“I feel sick,” said one physician. “Medicaid is not enough: we need seamless, lifelong universal care now.”
Beginning on Saturday, states across the U.S. will start the process of stripping Medicaid coverage from millions of people as pandemic-related protections lapse, part of a broader unraveling of the safety net that was built to help families withstand the public health crisis and resulting economic turmoil.
Medicaid’s continuous coverage requirements were enacted early in the Covid-19 pandemic to help vulnerable people maintain insurance amid the health emergency, resulting in record-high Medicaid enrollment.
But at the end of last year, congressional negotiators agreed on a bipartisan basis to set April 1 as the beginning of the “unwinding” process for the continuous coverage mandates, which prevented states from conducting regular eligibility screenings for Medicaid recipients.
The bipartisan deal gave states 12 months to determine who is still eligible for Medicaid, but some states—including Arkansas and South Dakota—are jumping at the opportunity to quickly remove people from the program. (State timelines for kicking off the unwinding process can be seen here.)
“Tonight at midnight some people in AZ, AR, ID, NH, and SD will lose their Medicaid coverage,” Joan Alker, executive director of the Georgetown Center for Children and Families, tweeted Friday. “South Dakota is especially vexing as expansion kicks in July 1st. The state could structure their renewals to ensure that parents move seamlessly into expansion. But they are erroneously claiming federal rules mean they can’t. Not true.”
Residents of the 10 states that have refused lifesaving Medicaid expansion under the Affordable Care Act (ACA) are likely to be hit hardest by the end of continuous coverage requirements, which the Biden administration estimates could result in 15 million people losing health insurance nationwide—including millions of children.
“Because those states tend to make only the extremely poor eligible for Medicaid, they will have many people who make too much to qualify for the government health insurance but not enough to reach the income needed to get federal subsidies to afford health plans sold on ACA marketplaces—the coverage the administration is counting on as the main fallback,” The Washington Post‘s Amy Goldstein reported earlier this week.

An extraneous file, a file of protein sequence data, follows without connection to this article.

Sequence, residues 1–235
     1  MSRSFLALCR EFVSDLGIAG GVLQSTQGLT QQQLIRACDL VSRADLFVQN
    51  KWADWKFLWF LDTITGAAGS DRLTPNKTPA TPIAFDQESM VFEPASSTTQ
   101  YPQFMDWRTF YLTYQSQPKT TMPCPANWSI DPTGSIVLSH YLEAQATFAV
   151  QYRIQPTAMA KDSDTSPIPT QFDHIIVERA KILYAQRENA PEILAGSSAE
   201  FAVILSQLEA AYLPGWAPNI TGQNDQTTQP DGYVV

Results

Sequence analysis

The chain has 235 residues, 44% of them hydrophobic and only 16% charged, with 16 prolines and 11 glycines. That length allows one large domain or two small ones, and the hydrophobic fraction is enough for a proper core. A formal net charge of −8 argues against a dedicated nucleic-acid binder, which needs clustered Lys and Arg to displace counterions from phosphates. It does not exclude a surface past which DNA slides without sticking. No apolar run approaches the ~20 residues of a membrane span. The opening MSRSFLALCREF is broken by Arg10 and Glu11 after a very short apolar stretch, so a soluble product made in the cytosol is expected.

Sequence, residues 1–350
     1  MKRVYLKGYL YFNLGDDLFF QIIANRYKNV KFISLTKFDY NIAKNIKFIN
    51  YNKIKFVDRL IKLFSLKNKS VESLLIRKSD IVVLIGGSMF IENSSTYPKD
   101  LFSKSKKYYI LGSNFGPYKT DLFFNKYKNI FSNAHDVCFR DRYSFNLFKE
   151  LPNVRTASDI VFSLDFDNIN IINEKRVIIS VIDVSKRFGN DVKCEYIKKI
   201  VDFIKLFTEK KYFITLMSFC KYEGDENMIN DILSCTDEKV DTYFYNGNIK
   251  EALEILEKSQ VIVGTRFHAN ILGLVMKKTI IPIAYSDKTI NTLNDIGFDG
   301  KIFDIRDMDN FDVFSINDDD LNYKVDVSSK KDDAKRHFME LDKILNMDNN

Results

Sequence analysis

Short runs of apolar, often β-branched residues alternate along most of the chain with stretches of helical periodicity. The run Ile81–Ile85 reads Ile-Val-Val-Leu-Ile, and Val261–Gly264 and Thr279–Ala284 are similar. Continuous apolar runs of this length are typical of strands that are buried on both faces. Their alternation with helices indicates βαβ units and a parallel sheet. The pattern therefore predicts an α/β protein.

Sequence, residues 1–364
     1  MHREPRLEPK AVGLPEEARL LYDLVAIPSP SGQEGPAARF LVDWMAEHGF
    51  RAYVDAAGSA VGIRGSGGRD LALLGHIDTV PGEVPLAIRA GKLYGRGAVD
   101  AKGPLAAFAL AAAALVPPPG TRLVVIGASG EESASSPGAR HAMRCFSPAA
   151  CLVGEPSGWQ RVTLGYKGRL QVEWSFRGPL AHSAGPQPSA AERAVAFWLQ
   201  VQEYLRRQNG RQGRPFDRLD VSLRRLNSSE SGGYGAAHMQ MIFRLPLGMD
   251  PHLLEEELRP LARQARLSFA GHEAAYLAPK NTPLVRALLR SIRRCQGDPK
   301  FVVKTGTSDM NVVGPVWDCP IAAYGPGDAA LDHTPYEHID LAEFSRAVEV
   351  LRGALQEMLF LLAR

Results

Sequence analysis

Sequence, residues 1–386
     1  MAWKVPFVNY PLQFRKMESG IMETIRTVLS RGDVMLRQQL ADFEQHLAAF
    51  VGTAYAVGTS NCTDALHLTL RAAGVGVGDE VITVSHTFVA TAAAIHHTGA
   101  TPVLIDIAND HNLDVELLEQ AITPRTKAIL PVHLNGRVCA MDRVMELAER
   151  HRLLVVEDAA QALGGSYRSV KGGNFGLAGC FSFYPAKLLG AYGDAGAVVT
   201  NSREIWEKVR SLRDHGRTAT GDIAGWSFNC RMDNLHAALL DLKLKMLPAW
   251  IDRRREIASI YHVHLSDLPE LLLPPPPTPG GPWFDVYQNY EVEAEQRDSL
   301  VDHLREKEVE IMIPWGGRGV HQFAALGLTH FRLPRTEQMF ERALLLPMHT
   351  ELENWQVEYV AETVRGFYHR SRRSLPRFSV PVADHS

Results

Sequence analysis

“The toll will be large, too, in 13 states that have not chosen to extend Medicaid benefits to women for a full year after they give birth,” Goldstein added. “Texas falls on both lists.”
Because of the administrative barriers associated with income verification and other eligibility tests, many people are likely to lose Medicaid coverage even though they’re still eligible for the program.
The Health and Human Services (HHS) Department has estimated that nearly 7 million people could be removed from Medicaid despite still being eligible due to “administrative churning.”
The consequences of what one commentator has dubbed “The Great Medicaid Purge” could be disastrous, given the health impacts associated with insurance loss.
As HHS summarized in a recent report:
People who experience churning or coverage disruptions are more likely to delay care, receive less preventive care, refill prescriptions less often, and have more emergency department visits. One study found that unstable Medicaid coverage increased emergency department use, office visits, and hospitalizations between 10% and 36% and decreased use of prescription medications by 19%, compared to individuals with consistent Medicaid coverage. Children with interruptions in coverage also are more likely to have delayed care, unmet medical needs, and unfilled prescriptions.
“I feel sick,” said Adam Gaffney, an ICU doctor at the Cambridge Health Alliance. “Some 15 million people will be purged from Medicaid, including 7 million who actually remain eligible for the program but fail to jump through the bureaucratic hoops! Medicaid is not enough: we need seamless, lifelong universal care now.”
The Medicaid continuous coverage requirements are the latest pandemic-era protections to fall in recent months.
Starting on March 1, enhanced Supplemental Nutrition Assistance Program (SNAP) benefits were cut off in dozens of states, slashing food aid for tens of millions.
Additionally, the boosted Child Tax Credit (CTC) expired in late 2021 due to opposition from Sen. Joe Manchin (D-W.Va.) and congressional Republicans, resulting in a rapid surge in child poverty. Shortly before the expanded CTC lapsed, boosted unemployment benefits that helped millions weather economic chaos ended.
“Republican calls to cut government funding put everything from child care to opioid treatment and mental health services to nutrition assistance at risk for millions,” Rep. Rosa DeLauro (D-Conn.), the top Democrat on the House Appropriations Committee, warned earlier this week.
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